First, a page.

Let’s limit ourselves to the immediate one — that on the recommendation that the private sector should be allowed in running both freight and passenger trains in competition with IR, for which there should be “open access for any new operator who wishes to enter the market for operating trains with non-discriminatory access to the railway infrastructure and a level playing field” says the committee.

The rationale for allowing private entry in running rolling stock using the existing rail is well understood and appreciated. For starters, IR’s spending “…is such that it doesn’t have funds capital expenditure… IR spends so much on revenue expenditure that it is unable to invest in capital expenditure”. In 2014-15, “46% of the resources for financing plan expenditure came from budgetary support, 3% from the Railway Safety Fund, 23% from internal resources and 27% from extra-budgetary resources” says the report.

The Union government has no money. So IR really can’t borrow from them. Raising fares is a tricky affair. And there is limit for that as well. And then you also can’t borrow from the market despite the IR having a separate budget with assets spread across the length and breadth of the country.

This is because IR doesn’t have a commonly recognised balance sheet (with a profit & loss statement) to directly borrow money from the market. In IR “one doesn’t know how much a specific train costs, one doesn’t know how much of profits a specific train brings in” say the report.

A sample of five Durontos (introduced barely 8 years back) — running over 1,500 km — show that each of them operate on losses. Every time they run non-stop from their point of origination to their destination — they incur a loss. Granted some sections or lines may not be remunerative — like in any other business — but are needed as a social service. Yes any government sponsored activity would have positive externalities — but they don’t really always enter the pocket of implementing organisation.

While the jury is still out on how to impute the real value of starting a service and benefits thereof, the important point to make is: Is open access as demonstrated in Britain going to work in IR? It hasn’t worked in other sector — like in the electricity sector of the country — where open access was allowed by law more than a decade back.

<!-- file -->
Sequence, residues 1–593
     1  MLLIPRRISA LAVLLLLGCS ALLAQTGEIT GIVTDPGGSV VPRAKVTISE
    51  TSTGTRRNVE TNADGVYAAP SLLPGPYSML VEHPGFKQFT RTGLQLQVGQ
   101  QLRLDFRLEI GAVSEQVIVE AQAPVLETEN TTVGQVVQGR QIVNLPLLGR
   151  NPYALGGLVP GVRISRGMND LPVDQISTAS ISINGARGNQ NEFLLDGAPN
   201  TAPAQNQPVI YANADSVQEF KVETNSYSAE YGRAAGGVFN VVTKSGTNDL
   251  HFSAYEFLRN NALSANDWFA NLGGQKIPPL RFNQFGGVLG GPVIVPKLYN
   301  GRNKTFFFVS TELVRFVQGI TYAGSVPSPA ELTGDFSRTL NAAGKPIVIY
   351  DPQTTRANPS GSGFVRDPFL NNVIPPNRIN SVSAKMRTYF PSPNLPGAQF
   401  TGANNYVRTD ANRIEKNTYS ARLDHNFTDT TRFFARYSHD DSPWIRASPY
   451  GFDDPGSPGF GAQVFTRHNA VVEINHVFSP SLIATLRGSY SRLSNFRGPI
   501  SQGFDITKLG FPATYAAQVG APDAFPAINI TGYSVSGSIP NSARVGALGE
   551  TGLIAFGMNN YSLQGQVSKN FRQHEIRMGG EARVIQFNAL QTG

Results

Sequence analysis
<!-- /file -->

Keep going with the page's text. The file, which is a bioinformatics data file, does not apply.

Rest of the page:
The same questions arise. For instance, would there be a surcharge?

Why is a surcharge needed? First, treat it as a compensation to meet the upkeep of the network as well as compensation of loss of revenue for IR themselves when passengers or freight opt for the private option. Second, what surcharge would IR levy to allow open access — or in other words what fee would IR charge to allow a private operator run its own train — from say X to Y? If the surcharge is such that it makes it financially unviable to start a train with all the services better than a Rajdhani (assuming that is the best currently) — then open access won’t work.

For example: if it costs say Rs 90/per passenger to run a private train and make a small profit by recovering a charge of Rs 95 per passenger (assuming the train doesn’t always run on full capacity) — then a surcharge of Rs 5 over Rs 90 would not allow the new private operator to start a new train. To compound the problem what if IR ran a similar from train departing say 20 minutes before or later and charges Rs 92?

Yes, there is a need for a rail regulator, but the surcharge he would sanction is the real dilemma. Then there’s the example of Delhi’s Airport Express Metro, where the infrastructure was built by Delhi’s metro rail company while the operations or rolling stock was bid out to private players. The successful bidder suspended services barely two years of operations over disagreements on speed and safety of the structure. How does one tackle that? Yes plenty questions can be raised. Finding viable answers is going to be the key test going further.